Ashkelon's Timeline

Have you been one of the followers who has been reading our blog for a while? I know lots of you are! Something you may not have noticed about our posts of what we find in Grid 51 is that as we get deeper, things are getting older. In science, the Law of Superposition tells us that older layers are at the bottom, while newer things are built on top (think of it like your laundry basket-what you wear on Monday is at the bottom, and what you wear on Friday is at the top). Right now in Grid 51, we are just starting to hit the Philistine period, but volunteers had to go through other layers first. Check out this timeline to see how periods in Ashkelon are built on each other, and you can even do this lesson to help you better understand how this vertical timeline was created.

What are some of the things we are finding?

In Grid 51, we are digging up some really cool things! We are coming up on a layer that was destroyed in a fire, so we are finding a lot of objects that were left behind when homes were destroyed. Many have pots and other household objects that fell over, so everyday we are uncovering more and more clues to how people in the Philistine period lived.

Below is a picture of something that I have been excavating for the past couple of days. Can you figure out what it is? I will post the answer in the comments so you can learn about it!

Want to see how big it is? It is about the length from your shoulder to your wrist, and about as wide as your elbow to your wrist. 

Want to see how big it is? It is about the length from your shoulder to your wrist, and about as wide as your elbow to your wrist. 

How do archaeologists determine where to dig?

One of the questions that my students ask most is-"How do the archaeologists know where to dig?" That's a great question, and one I had myself. I asked one of the grid supervisors, Dr. Tracy Hoffman, to tell me how this is done. She let me know that archaeologists use the scientific method to not only find where their next dig site will be, but also what to uncover in the grid once they start digging. Listen to her tell more about it below.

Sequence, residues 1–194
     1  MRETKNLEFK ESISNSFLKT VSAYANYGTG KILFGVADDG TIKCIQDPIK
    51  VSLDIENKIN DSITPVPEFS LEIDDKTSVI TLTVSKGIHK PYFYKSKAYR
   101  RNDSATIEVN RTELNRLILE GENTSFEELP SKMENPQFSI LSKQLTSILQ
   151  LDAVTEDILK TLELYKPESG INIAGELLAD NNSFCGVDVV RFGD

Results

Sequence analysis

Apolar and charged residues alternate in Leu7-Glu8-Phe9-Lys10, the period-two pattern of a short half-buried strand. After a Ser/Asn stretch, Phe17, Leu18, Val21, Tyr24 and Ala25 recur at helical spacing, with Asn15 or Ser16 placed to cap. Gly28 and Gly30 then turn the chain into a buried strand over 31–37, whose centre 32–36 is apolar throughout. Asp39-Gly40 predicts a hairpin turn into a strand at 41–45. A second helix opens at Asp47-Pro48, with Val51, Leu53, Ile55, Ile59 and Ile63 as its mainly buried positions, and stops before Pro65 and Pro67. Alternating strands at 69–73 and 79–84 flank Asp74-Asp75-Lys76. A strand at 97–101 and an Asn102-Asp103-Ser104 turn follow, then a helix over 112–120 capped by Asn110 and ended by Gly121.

Meet volunteers 1

Over the next three weeks, I will be introducing you to some of the volunteers who are here in Ashkelon. Most of them come from Wheaton College, Harvard, Troy, and Wesleyan-but some are here just because they love archaeology! Click below to meet a couple of the people who are here and hear why they decided to come on the dig.

Sheep/Goat bones

We found a pretty cool thing this week in Grid 51 - a big pile of bones! The volunteer who was digging in that area was pretty surprised when they came up, especially since there were so many of them together. When we find animal bones in the field, we call our zooarchaeologists to come out and tell us why they think they are there. Listen as one of our specialists, Paula, tells you about the sheep/goat bone pile (click this link to see why these are called sheep/goat bones).

Compound Day

Rather than digging in the grid today, volunteers stayed in our pottery compound to help clean, label, and organize pottery into different time periods. Since we had to leave early last year, there was lots of pottery that needed to be sorted in addition to what we have found so far this year. Watch below as some volunteers tell you about the pieces they are working with.

How is Archaeology in Ashkelon like Archaeology in America?

How is archaeology in Ashkelon different from archaeology in America? I was curious, so I decided to ask one of the volunteers who works in our grid, Gordy (check out Gordy talking about his job here). He digs in places where people want to build things to see if there are any artifacts in that areas-they want to preserve America's history! It was pretty interesting to hear how our dig site compares to where he works...

Community Day at Ashkelon

Once a year, students from Ashkelon are invited to come dig with us at the different grid sites. There are two main reasons for this.

1. Our dig wants the community to know what we are studying and finding in the sights so they are more connected with their history. It's important to know what happened in the past, especially when it is so close to where you live!

2. We want students to see the importance of archaeology when making decisions later on in life. Archaeologists can't explore if they do not have support of the community that surrounds the site!

Grid 51 had nine students come in to use patiches, sweep, practice pick axe-ing, and move rock walls. (If you want to see how all of these tools are used, watch this video!)

Check out these pictures of students washing pottery and a clip of two students talking about their time with us today.

How are objects recorded?

I've done work with the Field Museum in Chicago to teach Boy Scouts about archaeology for their Archaeology Merit Badge, and one thing we do is practice labeling objects that we find. I always tell them that this is one of the most important parts when you are on a dig so that archaeologists can go back and tell where something was found-because after you move it, you can never put it back in the exact same place. In Ashkelon, we record the location of four major things-pottery, bones, material cultures, and soil samples (so they can check for plants/seeds/food remains). I asked one of our square supervisors, Rebecca, to explain what actually goes on the tag when something is found. After the tag is made, they go through with our Geographic Information System (GIS) team to record the exact location it was found in the grid and mark it on the map of our grid.

First day back in Grid 51